Can we ever regain what has been lost? Thanks to climate change, the Arctic Ocean's ice cover has been shrinking with such speed that scientists expect that sometime in the next few decades, the ice will disappear completely during the summer months. That change could have catastrophic consequences, and not just for the polar bears, seals and other animals that depend upon the ice for survival. As retired Cambridge University professor and sea-ice expert Peter Wadhams details in this Yale Environment 360 article, for thousands of years the Arctic ice's whiteness has helped regulate the planet's temperature by reflecting solar energy back into space.
But as the increasingly blue summertime Arctic absorbs more and more energy, it's turning from a planetary air conditioner into a heater. Already, the decline in the ice "has profound global climatic effects, or feedbacks, that are already intensifying global warming and have the potential to destabilize the climate system," Wadhams writes.
Arctic ice is declining so rapidly, in fact, that some scientists argue we need to take drastic measures to keep the top of the world white, doing more than just trying to cut human-generated greenhouse gas emissions. In a recent article in the scientific journal Earth's Future, a group of Arizona State University researchers proposes what could be an ingenious, but also massive and costly, solution: They want to make more Arctic ice.
The ambitious plan would require building and deploying millions of wind-powered pumping installations in the Arctic, which during the wintertime would pull water from the warmer ocean depths to the colder surface, where it would freeze and add thickness to Arctic sea ice.
Lead author Steven Desch, a professor in ASU's School of Earth and Space Exploration, says via email that the key to make sea water freeze faster in the Arctic winter is to pump it from below the ice, where it's 28 degrees Fahrenheit (minus 2 degrees Celsius) up to the surface, where it's below minus 22 degrees F (minus 30 degrees C). Desch's team calculated there'd be enough wind power for one turbine to thicken the ice by 3.3 feet (1 meter) over 25 acres (0.1 square kilometers) over the Arctic winter.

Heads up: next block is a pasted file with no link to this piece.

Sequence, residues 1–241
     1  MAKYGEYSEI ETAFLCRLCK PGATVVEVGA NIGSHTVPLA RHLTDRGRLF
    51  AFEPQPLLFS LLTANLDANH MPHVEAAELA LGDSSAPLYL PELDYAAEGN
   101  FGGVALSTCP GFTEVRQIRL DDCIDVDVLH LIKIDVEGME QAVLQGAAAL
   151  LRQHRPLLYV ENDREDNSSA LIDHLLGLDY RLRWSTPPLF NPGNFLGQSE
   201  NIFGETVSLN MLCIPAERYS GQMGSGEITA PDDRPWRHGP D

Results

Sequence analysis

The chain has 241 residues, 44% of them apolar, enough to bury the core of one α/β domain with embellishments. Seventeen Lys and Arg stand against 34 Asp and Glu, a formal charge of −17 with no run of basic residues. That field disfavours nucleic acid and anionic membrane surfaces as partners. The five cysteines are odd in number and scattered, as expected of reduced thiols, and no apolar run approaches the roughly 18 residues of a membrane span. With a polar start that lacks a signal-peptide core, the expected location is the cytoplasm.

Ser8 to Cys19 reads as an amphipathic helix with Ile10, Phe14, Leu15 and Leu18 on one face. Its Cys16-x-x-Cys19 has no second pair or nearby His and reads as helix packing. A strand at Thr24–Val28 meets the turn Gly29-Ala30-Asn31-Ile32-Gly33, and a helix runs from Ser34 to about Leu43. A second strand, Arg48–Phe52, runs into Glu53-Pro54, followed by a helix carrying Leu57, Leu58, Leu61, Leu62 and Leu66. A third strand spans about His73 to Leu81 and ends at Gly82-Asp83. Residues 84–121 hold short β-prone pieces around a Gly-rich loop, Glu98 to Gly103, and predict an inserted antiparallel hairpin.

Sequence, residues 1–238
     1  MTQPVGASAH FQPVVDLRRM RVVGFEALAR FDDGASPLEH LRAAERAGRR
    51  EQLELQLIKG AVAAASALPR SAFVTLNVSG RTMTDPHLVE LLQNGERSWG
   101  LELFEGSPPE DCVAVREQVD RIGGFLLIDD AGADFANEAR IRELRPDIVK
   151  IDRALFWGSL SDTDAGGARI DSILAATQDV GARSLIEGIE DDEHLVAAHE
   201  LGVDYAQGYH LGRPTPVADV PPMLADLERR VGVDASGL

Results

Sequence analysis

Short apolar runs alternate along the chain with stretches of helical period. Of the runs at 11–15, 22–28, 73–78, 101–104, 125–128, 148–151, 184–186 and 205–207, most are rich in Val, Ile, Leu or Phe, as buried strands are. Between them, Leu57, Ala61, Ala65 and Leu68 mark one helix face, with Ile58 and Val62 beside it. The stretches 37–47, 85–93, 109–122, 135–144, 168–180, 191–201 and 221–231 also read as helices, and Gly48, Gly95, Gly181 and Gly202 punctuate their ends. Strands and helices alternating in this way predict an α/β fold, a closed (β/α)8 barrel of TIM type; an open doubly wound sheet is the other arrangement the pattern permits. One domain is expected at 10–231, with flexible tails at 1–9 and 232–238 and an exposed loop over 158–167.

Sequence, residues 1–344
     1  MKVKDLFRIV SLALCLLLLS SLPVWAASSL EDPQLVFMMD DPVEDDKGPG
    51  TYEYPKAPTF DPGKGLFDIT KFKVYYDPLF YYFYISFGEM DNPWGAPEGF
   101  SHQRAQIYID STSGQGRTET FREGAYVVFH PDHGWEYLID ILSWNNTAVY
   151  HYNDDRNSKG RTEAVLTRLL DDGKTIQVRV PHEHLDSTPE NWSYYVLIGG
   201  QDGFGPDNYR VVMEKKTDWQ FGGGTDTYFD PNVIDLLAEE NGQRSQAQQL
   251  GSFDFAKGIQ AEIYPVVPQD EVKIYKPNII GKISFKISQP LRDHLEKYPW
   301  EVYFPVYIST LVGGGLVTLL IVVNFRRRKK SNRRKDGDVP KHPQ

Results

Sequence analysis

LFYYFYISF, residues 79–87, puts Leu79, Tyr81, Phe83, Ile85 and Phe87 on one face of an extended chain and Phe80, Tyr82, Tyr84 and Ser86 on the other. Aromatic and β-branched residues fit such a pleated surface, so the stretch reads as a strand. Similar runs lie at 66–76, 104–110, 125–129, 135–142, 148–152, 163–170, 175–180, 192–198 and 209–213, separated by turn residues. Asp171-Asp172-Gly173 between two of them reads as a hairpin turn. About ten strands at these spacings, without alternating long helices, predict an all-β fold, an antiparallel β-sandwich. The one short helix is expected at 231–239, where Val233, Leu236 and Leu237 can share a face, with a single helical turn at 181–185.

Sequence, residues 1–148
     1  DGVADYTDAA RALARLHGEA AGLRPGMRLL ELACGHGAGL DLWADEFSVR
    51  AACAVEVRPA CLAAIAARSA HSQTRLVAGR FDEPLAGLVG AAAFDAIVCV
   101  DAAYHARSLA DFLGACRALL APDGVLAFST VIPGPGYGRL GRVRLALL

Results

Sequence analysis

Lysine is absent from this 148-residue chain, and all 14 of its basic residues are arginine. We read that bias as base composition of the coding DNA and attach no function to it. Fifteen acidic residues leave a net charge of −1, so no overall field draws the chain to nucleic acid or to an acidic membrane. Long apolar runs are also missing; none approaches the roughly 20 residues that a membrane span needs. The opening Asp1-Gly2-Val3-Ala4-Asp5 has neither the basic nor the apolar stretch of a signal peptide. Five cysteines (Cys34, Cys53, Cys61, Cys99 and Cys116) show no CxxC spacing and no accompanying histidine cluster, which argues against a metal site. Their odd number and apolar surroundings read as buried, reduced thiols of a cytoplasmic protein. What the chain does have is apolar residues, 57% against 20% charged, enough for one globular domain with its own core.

Desch's background is in astrophysics and planetary science, and he got the inspiration for how to increase Arctic ice while attending scientific conferences on the climate of planets such as Mars and Venus. "Of course, Earth's climate was discussed, too," he says, "and I heard the perspectives of many heavy hitters in the field of climate science. I came away thinking that they had correctly identified the problem, but not the solution. The only thing they wanted to discuss was reductions in CO2 emissions, which of course is necessary and the purest solution. But I realized that this was not going to work in time to save the ice in the Arctic, the most sensitive part of the climate system. I thought, we can't wait for these guys to fix the problem. We need to save the Arctic now, through other means."
Other scientists have proposed massive geoengineering projects to fight global warming, such as simulating the effects of volcanic eruptions by spreading sulfuric acid droplets high into the stratosphere to block some of the incoming solar radiation. But some worry that tinkering with the atmosphere could disrupt weather patterns. Desch thought it made more sense to come up with a mechanical solution for making more Arctic ice. He says that he teamed up with two like-minded ASU colleagues — Hilairy Hartnett, a geochemist and oceanographer, and experimental astrophysicist Christopher Groppi — to teach a class on the subject, and those efforts eventually led to the pumping plan.
The scientists have calculated that it wouldn't be necessary to add ice over the entire Arctic Ocean. Instead, if wind-powered pumps were dispersed over about 10 percent of the Arctic for a decade, that would be enough at least to stave off catastrophic ice loss. Building the pumps would require about 10 million tons (9.1 million tonnes) of steel, and would cost an estimated $500 billion over a decade's time. Financing and building such a massive project probably would require an international effort.
"These numbers are big, [but] they are not impossible," Desch says. He and his colleagues plan to design and test a pump that disperses water over a wide area without freezing, and includes as few moving parts as possible — and is capable of surviving Arctic winters. "If we can develop a prototype in the next year, we'd like to then test it in the field, perhaps in the Canadian Arctic," Desch says.
Hartnett says she's confident all that can accomplished with existing technology. "Ideally, we have to try to implement something like our idea before the summertime Arctic ice is completely lost," she says.